Wheat planting conditions as of early October 2017

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Last week brought much needed precipitation for the central and western portions of Kansas. Cumulative precipitation during the period between September 20 and 26 ranged from no precipitation in southeast Kansas to as much as 4.18 inches in portions of south central and western Kansas (Figure 1).

Figure 1. Cumulative precipitation during the period September 20 – 26, 2017. Map by K-State Weather Data Library.


This precipitation brought excellent moisture to early-planted wheat fields, and can help ensure a good stand in fields yet to be planted provided producers can re-enter the field in a timely manner to sow during the optimum sowing window. Root zone soil moisture estimates for the state’s wheat growing region indicate excellent moisture conditions, particularly in southwest and north central Kansas (Figure 2). Select areas in north central and southeastern Kansas could have excessive soil moisture. While some fields in south central Kansas (particularly those with sandy soils) remain under drought, northwest Kansas gained some rainfall and possibly have good planting conditions. However, drought can develop soon if subsequent rainfall events don't recharge the soil profile in the region.

Figure 2. Estimated rootzone soil moisture (0-3 ft.) for the state of Kansas as of September 26, 2017. Map by Dr. Andres Patrignani, K-State Soil Water Processes specialist.

In addition to above-average precipitation, western Kansas also faced below-average temperatures during the latter part of September (Figure 3). As a consequence, there was very limited potential for water evaporation from the soil, which for the majority of fields, remain too wet for any sowing operation.

Figure 3. Weekly mean temperatures for the period September 20 – 26. Map by K-State Weather Data Library.

Wet soil provides many operational challenges which often prevent a good sowing operation. Producers should not hurry and sow wheat into extremely moist soils. Planting wheat under wet conditions can present mechanical and/or biological challenges.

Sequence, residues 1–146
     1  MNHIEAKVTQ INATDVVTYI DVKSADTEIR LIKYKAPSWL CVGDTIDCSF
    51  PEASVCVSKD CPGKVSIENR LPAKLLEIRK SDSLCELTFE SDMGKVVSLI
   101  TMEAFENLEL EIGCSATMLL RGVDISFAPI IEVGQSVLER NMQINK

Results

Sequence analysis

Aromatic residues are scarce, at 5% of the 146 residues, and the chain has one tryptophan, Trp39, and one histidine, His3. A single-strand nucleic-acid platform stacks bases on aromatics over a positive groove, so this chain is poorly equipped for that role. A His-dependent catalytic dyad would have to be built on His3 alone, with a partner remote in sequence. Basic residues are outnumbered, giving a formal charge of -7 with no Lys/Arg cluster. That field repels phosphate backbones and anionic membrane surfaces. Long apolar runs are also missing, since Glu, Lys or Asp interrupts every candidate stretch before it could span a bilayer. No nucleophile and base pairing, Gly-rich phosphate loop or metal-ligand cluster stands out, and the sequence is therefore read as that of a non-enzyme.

Mechanical challenges:

  • Not being able to get the equipment in the field to perform plowing or sowing operations,
  • Mudding up the equipment after field operations are started,
  • Increased soil compaction due to machinery traffic in moist soils, which can restrict adequate root growth, affecting plant anchorage and decreasing its ability to uptake water and nutrients.

Biological challenges include:

  • Delayed crop emergence
  • Increased early-season disease problems.

The precipitation forecast also suggests that the next seven days (Oct. 2 - 9) could bring as much as 3.4 inches of rainfall in parts of Kansas (Figure 4), which could result in planting delays.

Figure 4. Weekly precipitation forecast by the National Weather Service Weather Prediction Center (NOAA). Precipitation probabilities in Kansas for the next 7 days range from 0.5 to 3.4 inches.


We are still in the beginning of the optimum wheat sowing window for the majority of the state. However, if planting is delayed past optimum sowing time, some management adjustments should be made to compensate for the reduced fall tillering potential and for planting in colder soils. Management adjustments to keep in mind if wheat planting is delayed include:

  • Increase seeding rate to compensate for decreased fall tillering potential.
  • Maintain the optimal planting depth (1 to 1.5 inches deep) to ensure good root development and anchorage.
  • Place starter phosphorus (P) fertilizer with the seed to increase fall tillering.
  • Use fungicide seed treatment or plant certified seed as wheat planted in colder soils generally takes longer to emerge.
  • Select a wheat variety that performs well when sown late.



Romulo Lollato, Extension wheat and forage specialist

Mary Knapp, Weather Data Library

Andres Patrignani, Soil Water Processes specialist